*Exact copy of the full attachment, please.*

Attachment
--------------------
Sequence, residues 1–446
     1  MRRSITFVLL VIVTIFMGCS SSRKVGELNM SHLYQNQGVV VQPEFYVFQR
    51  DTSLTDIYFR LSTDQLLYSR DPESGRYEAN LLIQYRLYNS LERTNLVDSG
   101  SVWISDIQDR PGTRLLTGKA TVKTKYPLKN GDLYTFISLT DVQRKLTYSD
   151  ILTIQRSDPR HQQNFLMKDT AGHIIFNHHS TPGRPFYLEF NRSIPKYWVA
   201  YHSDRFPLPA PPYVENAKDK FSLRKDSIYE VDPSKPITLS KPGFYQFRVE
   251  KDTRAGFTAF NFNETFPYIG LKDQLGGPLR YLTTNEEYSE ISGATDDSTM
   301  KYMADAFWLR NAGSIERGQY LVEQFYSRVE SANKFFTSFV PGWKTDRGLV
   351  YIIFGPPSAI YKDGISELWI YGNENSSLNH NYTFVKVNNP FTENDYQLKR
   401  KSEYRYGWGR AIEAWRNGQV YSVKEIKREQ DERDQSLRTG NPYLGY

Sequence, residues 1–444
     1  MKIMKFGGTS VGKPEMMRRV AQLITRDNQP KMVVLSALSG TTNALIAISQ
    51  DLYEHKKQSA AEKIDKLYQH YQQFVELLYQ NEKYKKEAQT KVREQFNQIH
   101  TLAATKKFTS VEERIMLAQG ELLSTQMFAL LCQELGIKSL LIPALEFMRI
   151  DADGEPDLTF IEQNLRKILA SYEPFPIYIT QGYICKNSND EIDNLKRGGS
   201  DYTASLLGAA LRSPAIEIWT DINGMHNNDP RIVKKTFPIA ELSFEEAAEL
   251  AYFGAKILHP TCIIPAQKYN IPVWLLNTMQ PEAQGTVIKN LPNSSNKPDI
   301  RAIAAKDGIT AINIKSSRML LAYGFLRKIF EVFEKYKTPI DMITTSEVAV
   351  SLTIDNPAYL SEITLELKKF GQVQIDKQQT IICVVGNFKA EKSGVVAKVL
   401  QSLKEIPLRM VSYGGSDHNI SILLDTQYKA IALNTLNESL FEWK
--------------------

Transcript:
Sequence, residues 1–446
     1  MRRSITFVLL VIVTIFMGCS SSRKVGELNM SHLYQNQGVV VQPEFYVFQR
    51  DTSLTDIYFR LSTDQLLYSR DPESGRYEAN LLIQYRLYNS LERTNLVDSG
   101  SVWISDIQDR PGTRLLTGKA TVKTKYPLKN GDLYTFISLT DVQRKLTYSD
   151  ILTIQRSDPR HQQNFLMKDT AGHIIFNHHS TPGRPFYLEF NRSIPKYWVA
   201  YHSDRFPLPA PPYVENAKDK FSLRKDSIYE VDPSKPITLS KPGFYQFRVE
   251  KDTRAGFTAF NFNETFPYIG LKDQLGGPLR YLTTNEEYSE ISGATDDSTM
   301  KYMADAFWLR NAGSIERGQY LVEQFYSRVE SANKFFTSFV PGWKTDRGLV
   351  YIIFGPPSAI YKDGISELWI YGNENSSLNH NYTFVKVNNP FTENDYQLKR
   401  KSEYRYGWGR AIEAWRNGQV YSVKEIKREQ DERDQSLRTG NPYLGY

Sequence, residues 1–444
     1  MKIMKFGGTS VGKPEMMRRV AQLITRDNQP KMVVLSALSG TTNALIAISQ
    51  DLYEHKKQSA AEKIDKLYQH YQQFVELLYQ NEKYKKEAQT KVREQFNQIH
   101  TLAATKKFTS VEERIMLAQG ELLSTQMFAL LCQELGIKSL LIPALEFMRI
   151  DADGEPDLTF IEQNLRKILA SYEPFPIYIT QGYICKNSND EIDNLKRGGS
   201  DYTASLLGAA LRSPAIEIWT DINGMHNNDP RIVKKTFPIA ELSFEEAAEL
   251  AYFGAKILHP TCIIPAQKYN IPVWLLNTMQ PEAQGTVIKN LPNSSNKPDI
   301  RAIAAKDGIT AINIKSSRML LAYGFLRKIF EVFEKYKTPI DMITTSEVAV
   351  SLTIDNPAYL SEITLELKKF GQVQIDKQQT IICVVGNFKA EKSGVVAKVL
   401  QSLKEIPLRM VSYGGSDHNI SILLDTQYKA IALNTLNESL FEWK